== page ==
Tracking is only for HSRP to detect some changes in the routing table. HSRP is not a real routing protocol it just provides a default gateway at Layer 2 and Layer 3.
Interface tracking allows you to specify another interface on the router for the HSRP process to monitor in order to alter the HSRP priority for a given group.
If the specified interface's line protocol goes down, the HSRP priority of this router is reduced, allowing another HSRP router with higher priority can become active (if it has preemption enabled).
To configure HSRP interface tracking, use the command:
standby [group] track interface [priority]
Eg: Router(config-if)#standby 1 track serial 0/0 25
HSRP will track the availability of interface serial 0/0. If serial 0/0 goes down, the priority of the router in group 1 will be decremented by 25.
The track argument does not assign a new priority if the tracked interface goes down. The track argument assigns a value that the priority will be decreased if the tracked interface goes down.
Therefore, if you are tracking serial 0/0 with a track value of 25—standby 1 track serial 0/0 25—and serial 0/0 goes down, the priority will be decreased by 25; assuming a default priority of 100, the new priority will now be 75.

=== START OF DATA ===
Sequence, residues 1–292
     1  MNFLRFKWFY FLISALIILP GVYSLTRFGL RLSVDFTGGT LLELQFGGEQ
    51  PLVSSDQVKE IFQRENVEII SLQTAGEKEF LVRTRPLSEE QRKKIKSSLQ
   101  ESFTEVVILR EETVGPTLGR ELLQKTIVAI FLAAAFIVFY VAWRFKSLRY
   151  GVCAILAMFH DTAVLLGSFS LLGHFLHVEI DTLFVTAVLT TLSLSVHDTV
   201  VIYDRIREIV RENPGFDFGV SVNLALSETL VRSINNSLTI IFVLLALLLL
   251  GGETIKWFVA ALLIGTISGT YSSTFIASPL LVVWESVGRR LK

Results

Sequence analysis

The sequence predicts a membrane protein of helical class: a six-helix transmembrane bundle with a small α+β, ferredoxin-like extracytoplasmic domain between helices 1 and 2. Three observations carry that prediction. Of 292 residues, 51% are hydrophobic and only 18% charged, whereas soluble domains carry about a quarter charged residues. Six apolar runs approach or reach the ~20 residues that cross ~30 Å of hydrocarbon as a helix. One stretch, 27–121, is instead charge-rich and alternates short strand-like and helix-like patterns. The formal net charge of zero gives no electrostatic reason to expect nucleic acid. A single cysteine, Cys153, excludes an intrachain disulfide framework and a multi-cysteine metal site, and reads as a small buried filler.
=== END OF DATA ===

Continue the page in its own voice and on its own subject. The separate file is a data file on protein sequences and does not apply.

The default value of the track argument is 10.
Tracking allows syncing the HSRP priority to the good state of one or more uplinks. So combining tracking and preemption HSRP Active role can be taken by the router with the best current connectivity to the core providing better performance.
In modern IOS we can track more than simple interface state. Interface tracking enables HSRP process to monitor additional interfaces, the status of which will dynamically change the HSRP priority (Active/Standby).
Imagine the following scenario:
If you have two serial links to two different ISPs(assume primary/backup Internet connections) connected via two different routers, it would be interesting to have the serial interface connecting to your primary ISP tracked in order to minimize service interruption to your local users. If this serial interface goes down, your backup router can take over the gateway functionality to your local network, while maintaining the connectivity to the secondary ISP (backup). Users would still be able to access Internet via the backup router (through Secondary ISP) thanks to the interface tracking functionality in HSRP.
You can consider interface tracking as part of the 'Normal' HSRP.
It is possible to track more than one thing at a time within the same HSRP group. We can do interface tracking as well as IP SLA tracking within one HSRP group. Each tracked object will produce a priority decrement if it fails. This helps in scenarios where you want the active router to change role only when multiple events happen or if you want to track multiple aspects.
The purpose of tracking an interface is so that you can decrease the priority of an interface running HSRP if some other interface goes down. If the interface running HSRP goes down you do not want to decrease its priority you want the other standby interface to take completely over.
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